Rageseeker
Perfect for teens
Grarana
I would say that this is one of the best books I've read in a while. Almost every chapter makes you want to read more and I ended up reading this book hours at a time.
cyrexoff
We share the same story - an old dog came into our lives and has given us such joy.
Defolosk
Not yet.
Nuadabandis
This is a children’s book about a 12-yr.-old girl, her dad, and her dog. It is told in first person by the girl, Fanny. The dad is an artist and teaches at a university. This book focuses on the girl’s views and things that are important to her. She has a bunch of childish things she treasures and gets upset when her father runs a “stupid hunt” in her room to hunt down stupid things that can be thrown out She is mad at her dad over getting rid of their first dog, Nellie and has a hard time letting it go.

This book may appeal to a young girl, but I was not impressed with it. The book cover is very misleading because it implies the dog is Marie, but it is not! I liked Dinner, the second dog in the book, but there was not much of a climax or great ending to this one. The gist of the story is how Fanny and her dad mend their relationship. It just sort of fell flat for me. It was okay, but was eager to move on to something else.
Blackseeker
This story about a girl and her dream to own a dog are really touching. The father's character was a large part of the story, and although it was pretty harsh, the story wouldn't be as touching if he weren't like that. The ending is great, but I don't like that she took up knitting just because a guy she liked did it. I've done that before, and it's really bad, because you make the committment to some activity for the wrong motives, and sure, you enjoy it when the guy you like is doing it also, but when you stop liking the guy, or the guy quits or something, you start to hate it. I just don't think books that are meant for this age group should advocate this. Overall, though, it was pretty enjoyable.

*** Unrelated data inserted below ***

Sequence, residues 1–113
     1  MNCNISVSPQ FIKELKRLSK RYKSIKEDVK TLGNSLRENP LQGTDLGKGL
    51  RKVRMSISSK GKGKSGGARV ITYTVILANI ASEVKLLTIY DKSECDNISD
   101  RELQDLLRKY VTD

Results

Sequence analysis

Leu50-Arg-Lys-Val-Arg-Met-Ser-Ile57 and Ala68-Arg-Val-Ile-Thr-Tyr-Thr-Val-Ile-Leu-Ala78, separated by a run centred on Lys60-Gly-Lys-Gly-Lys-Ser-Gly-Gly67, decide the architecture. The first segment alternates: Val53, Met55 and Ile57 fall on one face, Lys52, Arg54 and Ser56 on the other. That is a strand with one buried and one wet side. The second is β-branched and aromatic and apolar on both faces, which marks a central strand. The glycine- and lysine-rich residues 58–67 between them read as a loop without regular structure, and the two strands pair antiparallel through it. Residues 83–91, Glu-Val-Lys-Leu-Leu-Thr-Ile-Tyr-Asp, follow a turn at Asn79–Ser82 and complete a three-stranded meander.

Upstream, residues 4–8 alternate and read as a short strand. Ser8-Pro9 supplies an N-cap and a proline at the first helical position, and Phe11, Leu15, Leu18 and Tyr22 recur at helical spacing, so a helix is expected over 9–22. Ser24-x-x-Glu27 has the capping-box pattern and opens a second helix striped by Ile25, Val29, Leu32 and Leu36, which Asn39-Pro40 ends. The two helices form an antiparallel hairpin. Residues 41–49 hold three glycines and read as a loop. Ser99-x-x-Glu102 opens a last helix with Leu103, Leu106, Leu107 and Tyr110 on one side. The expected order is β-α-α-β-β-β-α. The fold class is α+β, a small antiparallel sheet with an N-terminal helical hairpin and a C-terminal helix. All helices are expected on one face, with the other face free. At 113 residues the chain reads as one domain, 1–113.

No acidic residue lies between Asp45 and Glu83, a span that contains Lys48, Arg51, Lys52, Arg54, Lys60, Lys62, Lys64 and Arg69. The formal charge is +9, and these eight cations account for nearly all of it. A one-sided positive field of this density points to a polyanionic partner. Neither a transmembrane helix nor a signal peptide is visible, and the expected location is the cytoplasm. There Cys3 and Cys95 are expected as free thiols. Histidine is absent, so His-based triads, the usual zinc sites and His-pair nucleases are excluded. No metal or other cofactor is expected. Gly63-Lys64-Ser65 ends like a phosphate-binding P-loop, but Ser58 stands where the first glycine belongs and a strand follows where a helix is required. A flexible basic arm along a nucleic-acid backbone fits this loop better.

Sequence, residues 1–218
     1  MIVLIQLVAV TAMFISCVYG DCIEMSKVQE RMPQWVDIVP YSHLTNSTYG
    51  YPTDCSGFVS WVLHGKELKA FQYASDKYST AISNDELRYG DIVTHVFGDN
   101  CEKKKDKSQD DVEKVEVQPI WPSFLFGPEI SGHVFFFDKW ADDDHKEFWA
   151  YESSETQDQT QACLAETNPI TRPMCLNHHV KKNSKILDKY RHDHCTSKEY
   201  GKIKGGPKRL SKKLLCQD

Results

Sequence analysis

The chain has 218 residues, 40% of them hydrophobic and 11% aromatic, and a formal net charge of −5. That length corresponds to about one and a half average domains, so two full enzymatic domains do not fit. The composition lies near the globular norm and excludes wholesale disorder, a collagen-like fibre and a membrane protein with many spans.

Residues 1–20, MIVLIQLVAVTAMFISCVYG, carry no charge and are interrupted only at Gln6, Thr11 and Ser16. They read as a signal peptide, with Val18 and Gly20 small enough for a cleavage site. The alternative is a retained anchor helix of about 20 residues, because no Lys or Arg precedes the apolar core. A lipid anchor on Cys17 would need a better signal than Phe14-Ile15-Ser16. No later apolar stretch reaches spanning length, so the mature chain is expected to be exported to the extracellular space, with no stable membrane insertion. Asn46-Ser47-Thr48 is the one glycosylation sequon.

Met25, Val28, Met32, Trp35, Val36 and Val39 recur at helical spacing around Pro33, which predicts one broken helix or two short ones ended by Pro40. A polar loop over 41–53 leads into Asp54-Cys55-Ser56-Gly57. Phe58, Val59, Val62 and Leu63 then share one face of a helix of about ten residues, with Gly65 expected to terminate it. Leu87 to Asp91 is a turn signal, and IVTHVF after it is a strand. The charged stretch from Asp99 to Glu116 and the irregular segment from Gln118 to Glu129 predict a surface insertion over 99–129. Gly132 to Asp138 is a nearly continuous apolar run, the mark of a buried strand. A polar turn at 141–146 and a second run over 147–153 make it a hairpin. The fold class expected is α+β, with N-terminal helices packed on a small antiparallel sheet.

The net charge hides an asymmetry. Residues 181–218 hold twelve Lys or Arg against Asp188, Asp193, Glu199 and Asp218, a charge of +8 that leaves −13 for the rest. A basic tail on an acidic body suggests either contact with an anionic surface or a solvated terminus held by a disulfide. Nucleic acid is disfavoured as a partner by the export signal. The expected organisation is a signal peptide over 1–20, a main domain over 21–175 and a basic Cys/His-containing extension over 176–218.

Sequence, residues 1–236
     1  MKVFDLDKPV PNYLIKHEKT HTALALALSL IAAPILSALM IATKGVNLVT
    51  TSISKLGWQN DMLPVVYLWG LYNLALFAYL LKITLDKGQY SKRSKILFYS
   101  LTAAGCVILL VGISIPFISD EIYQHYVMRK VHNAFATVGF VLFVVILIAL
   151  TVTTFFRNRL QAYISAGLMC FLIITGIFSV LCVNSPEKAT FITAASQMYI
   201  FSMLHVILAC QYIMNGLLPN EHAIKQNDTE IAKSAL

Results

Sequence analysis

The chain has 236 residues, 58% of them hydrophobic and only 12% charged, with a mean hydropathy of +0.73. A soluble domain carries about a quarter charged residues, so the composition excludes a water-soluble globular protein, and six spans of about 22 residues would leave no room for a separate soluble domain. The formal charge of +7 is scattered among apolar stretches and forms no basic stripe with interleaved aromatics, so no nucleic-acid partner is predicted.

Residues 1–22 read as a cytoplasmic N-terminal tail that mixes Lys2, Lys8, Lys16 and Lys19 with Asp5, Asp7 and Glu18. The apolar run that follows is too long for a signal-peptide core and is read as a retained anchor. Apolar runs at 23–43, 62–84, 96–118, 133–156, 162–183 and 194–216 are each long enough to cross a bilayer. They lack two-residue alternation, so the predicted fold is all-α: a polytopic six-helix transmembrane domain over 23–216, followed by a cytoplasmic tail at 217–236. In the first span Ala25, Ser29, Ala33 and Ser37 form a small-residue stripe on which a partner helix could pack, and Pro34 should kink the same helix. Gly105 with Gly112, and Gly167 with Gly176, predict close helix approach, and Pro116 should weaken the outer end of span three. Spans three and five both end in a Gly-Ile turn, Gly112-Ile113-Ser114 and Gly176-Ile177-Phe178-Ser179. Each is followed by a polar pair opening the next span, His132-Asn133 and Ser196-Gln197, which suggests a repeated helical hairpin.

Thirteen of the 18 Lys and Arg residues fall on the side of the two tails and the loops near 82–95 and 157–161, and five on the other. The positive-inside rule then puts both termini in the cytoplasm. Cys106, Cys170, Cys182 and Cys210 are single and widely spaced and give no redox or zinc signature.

Protecting Marie
By: Kevin Henkes
Reviewed by: Catherine Li
Period: 6
This book talks about the life of a 12-year-old girl whose name is Fanny. Her farther is an artist and is very hard to live with. His business is not going too well and he gets upset easily, particularly when he is not satisfied with his work. Fanny has always loved dogs, one night when her dad was not able to show up for his 60-year-old birthday party he brought back a Labrador puppy. However, her dad needs concentration for his work, and when the puppy began breaking things and fooling around at the house, he sent the puppy away to someone. Fanny is heart broken and misdirected her anger, frustration, and emotional outrage. One night Fanny's father comes home with another dog named Dinner. But Fanny is afraid, she worries that Dinner would ruin her dad's concentration, and he would send her away too. Soon, her father began using Dinner as the main model in his painting. Fanny understood then, that her father would never send anything away that she loves.
I found this book touching in some ways. This book is very straightforward and easy to understand. It isn't a very exciting book, but it has good writings and is a worthy book to read. Though, I think the title doesn't exactly match the meaning of the story. For instance, "Her mouth was a pouty circle, and short, slitty lines served as eyes and eyelashes."
The sentences are short and simple to read. This book isn't very descriptive nor complex. The sentences are also short, but it makes perfect sense. "The petals were so dark they looked black at the innermost whorl." It is in a very good writing, especially in a drama type of book.
I enjoyed reading this book. It wasn't the story that interested me, but the moral of this story. Even though the story doesn't completely mean the same meaning as the title, there was a important lesson about this doll (Marie) Fanny owned. The moral of this story is not to show emotional outrage to anyone in your family. Fanny never trusted her father, and she hid her belongings away from him. I recommend this book to everyone.